Monday, April 9, 2012
What if C. S. Lewis talked to Sigmund Freud?
Imagine if Sigmund Freud and C. S. Lewis had an hour to expound and question each other about personal accountability, the meaning of life, and ultimate destiny. That's the premise of the award-winning play by Mark St. Germain (Best 2011 Off-Broadway Alliance Play).
The play drafts Lewis (Matt Shimkus) in his 40s––coming into his full philosophical and literary power, and Freud (Nolan Palmer) in his 80s––at the end of his life, suffering from oral cancer. The set of a mid-century London studio replete with antiques, a chaise longue, and Oriental rugs was beautiful enough to make several of my neighbors sigh with contentment.
Freud and Lewis spar: if God were good, wouldn't we always be happy? What is the purpose of suffering? Can we choose to end our lives or is suicide the ultimate selfishness.
"Perhaps, if pleasure is God's whisper, pain is his megaphone," responds Lewis. Perhaps, he suggests, instead of being absent as atheists suppose, God appears to us incognito, surrounding us and inviting us into relationship.
Freud shrugs off the recognition of a greater purpose as the two circle the stage, parrying, asking, and admitting their finite grasp of life's Questions.
The frequent interplay of actors and historical props (including radio broadcasts) makes Taproot one of our favorite companies. The snippets about Lewis, Tolkien and the others in their Inklings' literature group, the settings of WWII, and insights into peer personalities like Weldon helped me to contextualize other information I've picked up by reading and watching movies.
The usual white-haired Saturday matinee crowd was liberally sprinkled with college and middle-aged attendees. It was fun to watch varied responses to the repartee on the stage: we sat riveted by the circling and clash of the actors. The audience packed the space; I appreciated my media tickets.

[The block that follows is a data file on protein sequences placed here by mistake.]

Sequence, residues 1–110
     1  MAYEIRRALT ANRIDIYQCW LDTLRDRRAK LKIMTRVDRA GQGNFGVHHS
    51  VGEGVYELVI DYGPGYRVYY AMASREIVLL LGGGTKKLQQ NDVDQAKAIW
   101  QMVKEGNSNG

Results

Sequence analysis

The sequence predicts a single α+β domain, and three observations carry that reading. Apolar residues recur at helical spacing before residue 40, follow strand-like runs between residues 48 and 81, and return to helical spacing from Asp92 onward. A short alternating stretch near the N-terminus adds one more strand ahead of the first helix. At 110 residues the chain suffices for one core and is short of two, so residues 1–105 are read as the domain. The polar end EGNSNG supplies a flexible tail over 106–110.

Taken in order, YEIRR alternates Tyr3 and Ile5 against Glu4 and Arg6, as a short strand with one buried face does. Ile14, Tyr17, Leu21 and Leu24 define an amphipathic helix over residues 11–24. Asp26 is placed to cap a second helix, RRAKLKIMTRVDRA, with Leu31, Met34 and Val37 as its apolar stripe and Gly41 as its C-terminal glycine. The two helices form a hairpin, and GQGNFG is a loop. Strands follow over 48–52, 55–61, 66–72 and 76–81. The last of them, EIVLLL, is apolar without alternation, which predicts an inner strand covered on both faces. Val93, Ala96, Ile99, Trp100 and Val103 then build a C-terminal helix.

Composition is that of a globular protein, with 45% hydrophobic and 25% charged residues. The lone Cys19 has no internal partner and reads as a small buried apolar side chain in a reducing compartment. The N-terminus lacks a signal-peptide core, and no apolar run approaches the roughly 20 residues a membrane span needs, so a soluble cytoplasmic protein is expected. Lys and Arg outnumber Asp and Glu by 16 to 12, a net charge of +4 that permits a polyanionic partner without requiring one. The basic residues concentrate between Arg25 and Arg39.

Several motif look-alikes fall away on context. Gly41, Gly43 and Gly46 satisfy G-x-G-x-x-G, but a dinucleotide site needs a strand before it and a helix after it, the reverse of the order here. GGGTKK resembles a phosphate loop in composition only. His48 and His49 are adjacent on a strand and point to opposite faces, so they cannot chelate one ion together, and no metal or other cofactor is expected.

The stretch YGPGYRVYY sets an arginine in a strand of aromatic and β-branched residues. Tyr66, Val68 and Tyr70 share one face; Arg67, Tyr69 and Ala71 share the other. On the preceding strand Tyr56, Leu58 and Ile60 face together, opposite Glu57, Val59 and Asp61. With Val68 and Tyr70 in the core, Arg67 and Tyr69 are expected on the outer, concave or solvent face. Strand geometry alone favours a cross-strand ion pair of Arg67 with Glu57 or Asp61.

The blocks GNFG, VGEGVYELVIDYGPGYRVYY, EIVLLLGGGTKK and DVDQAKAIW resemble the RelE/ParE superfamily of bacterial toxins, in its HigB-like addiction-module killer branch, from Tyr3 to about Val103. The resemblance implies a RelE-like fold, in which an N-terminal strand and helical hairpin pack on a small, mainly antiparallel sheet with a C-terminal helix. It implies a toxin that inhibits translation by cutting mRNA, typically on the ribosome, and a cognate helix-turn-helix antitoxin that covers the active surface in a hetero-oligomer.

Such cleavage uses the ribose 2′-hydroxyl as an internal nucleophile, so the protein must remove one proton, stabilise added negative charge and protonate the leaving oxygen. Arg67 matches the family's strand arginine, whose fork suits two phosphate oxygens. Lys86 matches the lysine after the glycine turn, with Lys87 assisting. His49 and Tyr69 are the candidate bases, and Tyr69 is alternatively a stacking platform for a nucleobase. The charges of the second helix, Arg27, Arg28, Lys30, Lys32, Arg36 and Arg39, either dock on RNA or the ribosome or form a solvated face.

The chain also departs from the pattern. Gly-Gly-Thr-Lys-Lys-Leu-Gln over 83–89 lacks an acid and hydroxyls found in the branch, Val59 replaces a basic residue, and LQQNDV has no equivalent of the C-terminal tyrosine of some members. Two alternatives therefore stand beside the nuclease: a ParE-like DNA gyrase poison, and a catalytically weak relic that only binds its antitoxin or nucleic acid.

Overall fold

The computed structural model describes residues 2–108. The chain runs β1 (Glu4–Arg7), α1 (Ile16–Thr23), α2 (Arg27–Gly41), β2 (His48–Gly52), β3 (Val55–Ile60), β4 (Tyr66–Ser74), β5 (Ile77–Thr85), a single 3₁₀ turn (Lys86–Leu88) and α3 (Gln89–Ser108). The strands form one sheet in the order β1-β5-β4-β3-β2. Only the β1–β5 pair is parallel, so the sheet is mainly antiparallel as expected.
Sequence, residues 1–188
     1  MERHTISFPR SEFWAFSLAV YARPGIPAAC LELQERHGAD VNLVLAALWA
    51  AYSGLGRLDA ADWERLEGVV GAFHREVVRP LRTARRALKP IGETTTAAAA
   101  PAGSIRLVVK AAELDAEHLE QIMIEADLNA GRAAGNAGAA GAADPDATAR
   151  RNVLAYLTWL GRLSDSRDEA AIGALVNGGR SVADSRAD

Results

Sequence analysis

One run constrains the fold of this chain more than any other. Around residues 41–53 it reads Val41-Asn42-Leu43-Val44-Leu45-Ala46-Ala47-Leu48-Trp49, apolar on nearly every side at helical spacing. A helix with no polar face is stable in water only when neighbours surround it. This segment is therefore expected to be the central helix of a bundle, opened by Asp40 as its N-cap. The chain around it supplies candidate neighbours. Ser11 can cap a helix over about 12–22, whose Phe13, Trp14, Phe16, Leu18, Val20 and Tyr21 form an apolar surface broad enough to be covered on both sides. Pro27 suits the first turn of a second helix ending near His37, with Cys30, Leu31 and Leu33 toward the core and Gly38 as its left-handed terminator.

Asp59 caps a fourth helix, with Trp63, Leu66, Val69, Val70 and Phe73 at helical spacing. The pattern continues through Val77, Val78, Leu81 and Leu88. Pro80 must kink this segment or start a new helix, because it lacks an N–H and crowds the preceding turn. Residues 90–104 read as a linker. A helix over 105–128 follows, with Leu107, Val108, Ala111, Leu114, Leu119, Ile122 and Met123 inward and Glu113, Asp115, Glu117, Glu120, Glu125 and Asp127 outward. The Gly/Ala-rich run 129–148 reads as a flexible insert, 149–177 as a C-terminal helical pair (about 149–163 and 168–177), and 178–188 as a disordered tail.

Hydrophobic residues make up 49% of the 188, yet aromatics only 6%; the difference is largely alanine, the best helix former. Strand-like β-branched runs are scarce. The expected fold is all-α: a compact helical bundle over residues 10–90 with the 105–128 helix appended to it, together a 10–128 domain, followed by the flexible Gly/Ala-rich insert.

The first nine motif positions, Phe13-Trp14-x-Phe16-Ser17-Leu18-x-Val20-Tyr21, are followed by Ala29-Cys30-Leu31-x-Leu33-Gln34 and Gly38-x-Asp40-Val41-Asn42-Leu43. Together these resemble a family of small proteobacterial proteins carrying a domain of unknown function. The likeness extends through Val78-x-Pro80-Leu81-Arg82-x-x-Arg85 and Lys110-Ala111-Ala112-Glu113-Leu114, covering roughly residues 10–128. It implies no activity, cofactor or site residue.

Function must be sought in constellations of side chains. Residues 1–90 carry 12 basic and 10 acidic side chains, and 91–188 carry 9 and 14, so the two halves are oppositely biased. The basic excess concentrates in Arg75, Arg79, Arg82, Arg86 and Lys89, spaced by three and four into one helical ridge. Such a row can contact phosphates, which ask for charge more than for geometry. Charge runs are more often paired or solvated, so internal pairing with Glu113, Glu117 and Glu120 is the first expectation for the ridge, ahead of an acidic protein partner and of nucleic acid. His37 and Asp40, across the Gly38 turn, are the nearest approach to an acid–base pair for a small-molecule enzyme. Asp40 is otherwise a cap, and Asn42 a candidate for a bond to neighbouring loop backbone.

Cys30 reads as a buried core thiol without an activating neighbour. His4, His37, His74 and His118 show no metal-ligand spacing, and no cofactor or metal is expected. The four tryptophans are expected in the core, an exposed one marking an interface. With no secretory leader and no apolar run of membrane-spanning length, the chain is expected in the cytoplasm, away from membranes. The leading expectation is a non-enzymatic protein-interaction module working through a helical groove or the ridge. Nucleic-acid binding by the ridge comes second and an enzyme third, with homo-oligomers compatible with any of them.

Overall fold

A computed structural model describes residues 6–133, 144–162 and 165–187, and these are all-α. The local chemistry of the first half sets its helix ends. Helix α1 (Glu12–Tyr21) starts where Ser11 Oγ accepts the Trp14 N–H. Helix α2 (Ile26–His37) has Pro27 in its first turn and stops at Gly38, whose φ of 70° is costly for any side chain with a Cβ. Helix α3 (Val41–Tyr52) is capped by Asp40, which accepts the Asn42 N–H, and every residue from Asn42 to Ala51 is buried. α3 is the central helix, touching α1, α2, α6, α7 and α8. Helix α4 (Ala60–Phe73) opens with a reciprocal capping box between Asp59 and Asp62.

I like to listen to eavesdrop during intermission (this play had none) and afterwards in the foyer. However, people slowly walked out of the theater to the street, thinking but not speaking. Not until we were a block away did I began to hear both thoughtful and agitated comments on what we'd seen.
Adults who wonder at the contrast between the world's beauty and God's reticence to intervene in life's unpleasantness and pain will identify with the discussion from both sides. Older teens and college students will love the frank and often humorous exploration of human choices, conscience vs. parental repression, the origin of our beliefs, the influence of fathers, and current issues that haunt us, like suicide. Some explicit language makes this inappropriate for children. (Let them sit this one out with a babysitter.)
You have three more weeks to see "Freud's Last Session" in Taproot's 85th Ave. theater. It closes April 28. Don't miss it! You can get tickets for this and the upcoming show "Leaving Iowa" on Taproot’s Website.
Photos by Erik Stuhaug.